While disturbing, the district attorney said the correction officers followed the correctional department policy that is printed in a manual. Stringer was examined after the incidents and found not to be injured.
In October 2020 , Commissioners Chairman Ms. Ellis-Marseglia announced the development of a Mental Health Center near the correctional facility in Doylestown Township, Penna. to alleviate the overcrowded prison population especially of those with underlying mental health issues. The newly announced facility is projected to hold four-to-six mentally ill inmates, which will not solve the issue with inmates currently awaiting a bed at Norristown State Hospital’s Regional Psychiatric Forensic Center in Montgomery County. They also announced that the facility will be complete in March-April of 2021.
The Bucks County Correctional Facility currently has 8-bed single bunk cells in their Mental Health Unit for male inmates and 6-beds (two bunks in 2 cells, and two single bed cells) for females in the F-R/M unit at the county jail. The female unit also utilizes the module for inmates serving disciplinary sanctions, medical watch, and other special directive statuses. This has caused an overflow of special directive status inmates to be housed on the main female Foxtrot unit. As a result of this spillover, Bucks County has contracted with and sent their female inmates to the Kintock Facility in Philadelphia in an attempt to lower the female population. Another approach was converting their multi-purpose gymnasium into a dormitory style module which has caused issues due to lack of privacy and hygienic issues pertaining to COVID-19 guidelines.
As of 2018, the RPFC center which currently has 187 beds which serves around nineteen (19) counties in Pennsylvania, only has about five to eight beds for Bucks County inmates. Most inmates spend approximately 90-180 days in the RPFC building until they a psychologist deems them competent to proceed for trial or they request an extension pursuant to 50 P.S. Mental Health § 7403 until inmate is deemed competent to stand trial. There has been reports in the past fifteen years of inmates waiting anywhere from 9-12 months for a bed at RPFC, and as of last summer, that wait time was cut down to 3-6 months.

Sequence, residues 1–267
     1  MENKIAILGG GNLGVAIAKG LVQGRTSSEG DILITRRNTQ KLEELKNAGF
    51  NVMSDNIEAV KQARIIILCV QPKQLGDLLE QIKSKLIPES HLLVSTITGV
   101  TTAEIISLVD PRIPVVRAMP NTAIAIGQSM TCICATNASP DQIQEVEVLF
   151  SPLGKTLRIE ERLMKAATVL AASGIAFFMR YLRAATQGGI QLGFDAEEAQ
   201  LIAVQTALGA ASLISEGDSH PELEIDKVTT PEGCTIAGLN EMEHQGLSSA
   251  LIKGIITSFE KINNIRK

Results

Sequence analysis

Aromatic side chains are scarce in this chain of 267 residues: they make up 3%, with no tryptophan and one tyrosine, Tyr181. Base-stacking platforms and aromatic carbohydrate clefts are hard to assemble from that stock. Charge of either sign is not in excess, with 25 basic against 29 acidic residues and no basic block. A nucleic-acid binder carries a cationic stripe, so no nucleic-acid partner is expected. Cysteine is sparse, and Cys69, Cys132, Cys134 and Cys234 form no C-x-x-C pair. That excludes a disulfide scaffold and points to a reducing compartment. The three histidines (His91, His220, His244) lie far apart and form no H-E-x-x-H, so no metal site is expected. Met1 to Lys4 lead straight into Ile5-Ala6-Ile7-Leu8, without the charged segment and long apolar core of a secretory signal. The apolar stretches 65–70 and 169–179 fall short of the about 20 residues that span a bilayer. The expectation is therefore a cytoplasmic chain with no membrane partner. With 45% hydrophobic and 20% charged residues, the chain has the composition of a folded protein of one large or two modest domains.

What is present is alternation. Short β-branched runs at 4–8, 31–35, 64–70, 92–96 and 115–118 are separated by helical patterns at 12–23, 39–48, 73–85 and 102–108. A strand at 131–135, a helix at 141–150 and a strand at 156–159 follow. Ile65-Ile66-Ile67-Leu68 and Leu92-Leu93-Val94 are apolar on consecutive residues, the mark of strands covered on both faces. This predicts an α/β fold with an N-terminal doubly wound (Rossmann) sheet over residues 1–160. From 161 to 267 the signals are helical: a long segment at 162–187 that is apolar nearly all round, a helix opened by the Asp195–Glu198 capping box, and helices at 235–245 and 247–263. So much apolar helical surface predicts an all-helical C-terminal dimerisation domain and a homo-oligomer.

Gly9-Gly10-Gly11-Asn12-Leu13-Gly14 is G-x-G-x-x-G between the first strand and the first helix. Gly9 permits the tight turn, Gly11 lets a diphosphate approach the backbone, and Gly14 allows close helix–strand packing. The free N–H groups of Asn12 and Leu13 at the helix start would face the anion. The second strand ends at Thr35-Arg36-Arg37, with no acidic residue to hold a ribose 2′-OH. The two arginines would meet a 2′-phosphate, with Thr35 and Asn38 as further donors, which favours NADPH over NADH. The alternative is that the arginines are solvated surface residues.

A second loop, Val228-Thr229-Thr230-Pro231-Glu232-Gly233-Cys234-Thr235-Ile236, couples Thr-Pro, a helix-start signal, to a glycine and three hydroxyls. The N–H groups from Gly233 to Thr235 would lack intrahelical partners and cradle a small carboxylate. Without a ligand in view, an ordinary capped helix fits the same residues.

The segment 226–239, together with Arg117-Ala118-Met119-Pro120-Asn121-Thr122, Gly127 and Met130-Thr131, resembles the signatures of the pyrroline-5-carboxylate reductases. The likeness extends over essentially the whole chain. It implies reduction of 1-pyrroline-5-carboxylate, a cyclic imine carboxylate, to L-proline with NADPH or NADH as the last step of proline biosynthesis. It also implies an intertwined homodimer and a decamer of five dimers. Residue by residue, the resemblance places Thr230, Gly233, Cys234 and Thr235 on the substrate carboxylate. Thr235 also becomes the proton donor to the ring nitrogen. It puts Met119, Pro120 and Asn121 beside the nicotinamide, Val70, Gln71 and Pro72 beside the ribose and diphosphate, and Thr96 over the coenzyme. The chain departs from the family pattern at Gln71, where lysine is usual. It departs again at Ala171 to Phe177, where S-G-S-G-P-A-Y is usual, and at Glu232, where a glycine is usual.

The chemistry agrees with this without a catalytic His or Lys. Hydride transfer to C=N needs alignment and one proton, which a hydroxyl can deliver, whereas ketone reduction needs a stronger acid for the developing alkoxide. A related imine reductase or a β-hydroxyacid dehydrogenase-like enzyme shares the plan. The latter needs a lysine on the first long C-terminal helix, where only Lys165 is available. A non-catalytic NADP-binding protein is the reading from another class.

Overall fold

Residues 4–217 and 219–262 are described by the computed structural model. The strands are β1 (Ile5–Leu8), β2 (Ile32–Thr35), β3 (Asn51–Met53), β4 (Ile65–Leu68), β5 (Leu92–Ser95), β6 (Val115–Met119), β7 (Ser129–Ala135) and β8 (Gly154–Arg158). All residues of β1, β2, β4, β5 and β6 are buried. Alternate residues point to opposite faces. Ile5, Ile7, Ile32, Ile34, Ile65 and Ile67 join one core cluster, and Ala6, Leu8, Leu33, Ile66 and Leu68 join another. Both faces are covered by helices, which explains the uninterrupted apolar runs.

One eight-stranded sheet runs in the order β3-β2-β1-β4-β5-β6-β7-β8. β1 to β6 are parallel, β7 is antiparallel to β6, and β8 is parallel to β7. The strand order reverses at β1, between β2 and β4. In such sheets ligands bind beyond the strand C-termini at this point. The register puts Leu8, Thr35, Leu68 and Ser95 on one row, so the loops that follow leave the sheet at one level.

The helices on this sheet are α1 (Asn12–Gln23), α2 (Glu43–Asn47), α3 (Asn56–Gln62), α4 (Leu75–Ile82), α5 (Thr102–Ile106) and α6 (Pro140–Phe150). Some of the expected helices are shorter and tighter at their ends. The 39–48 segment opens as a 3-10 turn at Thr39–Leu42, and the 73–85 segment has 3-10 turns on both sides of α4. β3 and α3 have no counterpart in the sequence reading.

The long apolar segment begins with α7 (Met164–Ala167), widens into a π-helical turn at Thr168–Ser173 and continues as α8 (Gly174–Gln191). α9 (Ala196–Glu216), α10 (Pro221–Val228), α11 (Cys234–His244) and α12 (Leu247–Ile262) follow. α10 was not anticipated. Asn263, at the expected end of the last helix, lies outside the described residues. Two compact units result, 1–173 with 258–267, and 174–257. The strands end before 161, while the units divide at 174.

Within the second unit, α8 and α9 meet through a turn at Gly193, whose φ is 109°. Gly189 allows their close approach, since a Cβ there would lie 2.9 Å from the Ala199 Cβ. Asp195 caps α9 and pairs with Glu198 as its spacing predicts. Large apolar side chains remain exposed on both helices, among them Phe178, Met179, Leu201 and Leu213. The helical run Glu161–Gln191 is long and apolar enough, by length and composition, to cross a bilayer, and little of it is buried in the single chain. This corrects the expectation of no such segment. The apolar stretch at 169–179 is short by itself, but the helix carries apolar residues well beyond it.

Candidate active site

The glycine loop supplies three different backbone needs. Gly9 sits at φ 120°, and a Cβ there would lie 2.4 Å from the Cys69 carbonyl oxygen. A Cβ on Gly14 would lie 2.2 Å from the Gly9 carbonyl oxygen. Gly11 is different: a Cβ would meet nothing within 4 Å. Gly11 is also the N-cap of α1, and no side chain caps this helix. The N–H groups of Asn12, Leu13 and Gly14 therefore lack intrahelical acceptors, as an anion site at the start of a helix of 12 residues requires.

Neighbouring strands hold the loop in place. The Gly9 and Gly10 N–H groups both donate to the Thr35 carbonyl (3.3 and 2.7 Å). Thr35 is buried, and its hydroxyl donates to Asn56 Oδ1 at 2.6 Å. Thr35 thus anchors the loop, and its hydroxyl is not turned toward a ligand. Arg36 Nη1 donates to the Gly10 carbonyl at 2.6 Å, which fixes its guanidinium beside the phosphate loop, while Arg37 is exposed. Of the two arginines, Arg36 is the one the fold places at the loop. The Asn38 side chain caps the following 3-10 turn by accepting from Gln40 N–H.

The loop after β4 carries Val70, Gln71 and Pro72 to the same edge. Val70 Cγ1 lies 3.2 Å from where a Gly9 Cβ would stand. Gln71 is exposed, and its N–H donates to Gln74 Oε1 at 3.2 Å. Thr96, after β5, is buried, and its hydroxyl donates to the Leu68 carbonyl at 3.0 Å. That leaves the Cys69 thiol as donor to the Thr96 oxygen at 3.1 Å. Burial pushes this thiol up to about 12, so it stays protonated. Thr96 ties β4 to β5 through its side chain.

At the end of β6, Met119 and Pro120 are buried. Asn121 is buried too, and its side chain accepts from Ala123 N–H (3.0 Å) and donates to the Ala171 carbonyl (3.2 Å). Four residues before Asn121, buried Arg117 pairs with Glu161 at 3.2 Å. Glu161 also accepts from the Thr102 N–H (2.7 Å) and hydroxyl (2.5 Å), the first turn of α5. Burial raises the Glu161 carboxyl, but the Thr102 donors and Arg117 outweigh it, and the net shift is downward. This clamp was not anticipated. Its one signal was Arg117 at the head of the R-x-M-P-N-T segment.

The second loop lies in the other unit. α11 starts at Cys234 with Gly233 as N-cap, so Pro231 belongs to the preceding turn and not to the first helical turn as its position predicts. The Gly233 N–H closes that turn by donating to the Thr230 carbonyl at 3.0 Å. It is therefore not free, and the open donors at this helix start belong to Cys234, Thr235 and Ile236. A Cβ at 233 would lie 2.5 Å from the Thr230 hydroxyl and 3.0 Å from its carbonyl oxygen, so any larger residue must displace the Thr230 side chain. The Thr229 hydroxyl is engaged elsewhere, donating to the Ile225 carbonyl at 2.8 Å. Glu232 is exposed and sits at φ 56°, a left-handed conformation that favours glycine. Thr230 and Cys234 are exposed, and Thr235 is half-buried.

It saddens me to see that in order for reform to happen that it has to be in an “ends justify the means” scenario such as death or trauma happening before any reform happens on a county, state or federal level. Myself, being an individual with mental health issues who has seen the inside of penal facilities witnessed the torment these people endure from staff and corrections officers, it is only the tip of the iceberg in a sea full of corruption that occurs on a daily basis at the Bucks County Correctional Facility.
But back to the topic on hand, Denver is among several U.S. cities working to develop an alternative emergency responder model for people who are experiencing mental health crises, as police officers fatally shoot hundreds of people experiencing mental health crises every year, according to a Washington Post database of fatal shootings by on-duty police officers. Since 2015, police have fatally shot nearly 1,400 people with mental illnesses, according to the database.
Over the first six months of the pilot, Denver received more than 2,500 emergency calls that fell into the STAR program’s purview, and the STAR team was able to respond to 748 calls. No calls required the assistance of police, and no one was arrested.
Denver police responded to nearly 95,000 incidents over the same period, suggesting that an expanded STAR program could reduce police calls by nearly 3%, according to the report.